If publishers gain the ability to analyze, predict, and subsequently manipulate reader behavior, and if publishers control the flow of content from writers to reading platforms, then the incorporation of literature into profit-logic is inevitable. Of course, capitalism has exerted a massive, in fact, inestimable, force on the aesthetic and structural development of literature. Nevertheless, the tension between prerogatives of the individual talent and his capitalized milieu is beautiful and fascinating. Conflict, contact, and resistance are always imminent. According to this (admittedly New Historicist) understand of literature, literature as cultural text contains marginal and subversive voices within an institutional framework. Although e-books will continue the literary negotiation of subversion and containment, the balance will shift firmly, and perhaps irreversibly, towards the objectives of power.
Consider a world in which a specific demographic’s ideal hero is known, in which the most addictive plot is discovered, in which the speed of reading, the movement of eyes across the page, and time spent on sex scenes are the proprietary information of publishing companies. Already, publishers are releasing sophisticated “choose-your-own-adventure” style titles to captivate vulnerable audiences. Long-form journalism and weighty nonfiction tomes have glimpsed their own, future deaths. Readers might be wary of lingering over controversial titles. The artistic will of the author is excised as literature becomes an entirely robotic exercise. Censorship will be scientific and designed for profit. The novel will converge with other digital media, like television—cultural production, as a consequence of material symmetry, will be homogenous. We will live in an era of the interactive sitcom.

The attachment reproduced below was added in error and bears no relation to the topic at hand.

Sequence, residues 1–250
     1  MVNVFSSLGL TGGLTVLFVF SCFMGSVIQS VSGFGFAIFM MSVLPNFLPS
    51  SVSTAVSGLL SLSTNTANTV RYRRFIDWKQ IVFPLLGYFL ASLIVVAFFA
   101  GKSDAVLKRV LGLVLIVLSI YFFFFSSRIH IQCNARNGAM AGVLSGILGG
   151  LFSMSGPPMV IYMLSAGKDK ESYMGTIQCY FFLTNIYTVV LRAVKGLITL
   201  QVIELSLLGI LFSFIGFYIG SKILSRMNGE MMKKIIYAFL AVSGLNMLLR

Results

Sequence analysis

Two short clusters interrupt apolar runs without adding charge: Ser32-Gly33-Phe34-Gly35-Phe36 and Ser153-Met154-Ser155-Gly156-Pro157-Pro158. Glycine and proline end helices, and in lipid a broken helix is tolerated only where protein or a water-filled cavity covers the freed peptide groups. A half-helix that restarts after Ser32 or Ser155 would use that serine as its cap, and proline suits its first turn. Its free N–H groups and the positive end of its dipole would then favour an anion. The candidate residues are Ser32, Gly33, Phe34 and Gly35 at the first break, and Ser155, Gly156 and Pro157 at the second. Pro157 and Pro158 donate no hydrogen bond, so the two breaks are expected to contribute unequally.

I have no doubt, though, that innovative writers, aesthetic outlaws so-to-speak, will contest the homogenization of culture. Freedom from print will mean a more fluid distribution channel for interesting, eccentric, risk-taking, and young writers. Alternative media will put containment structures into outright competition. Which will prevail, the conventional, discursive containment structures of “literature” or the material, analytic containment structures of corporate media? The collision of hyper-radical and supercharged writing with corporate and frankly boring and soporific, bromidic platitudes will be entertaining. Yet, I worry and feel ridiculous for worrying about what seems the inevitable triumph of Orwellian dystopia. I have had the misfortune of living at the end of literature. I suppose it’s time I learned to love what’s coming: the dialectic violence of the individual versus his economic universe.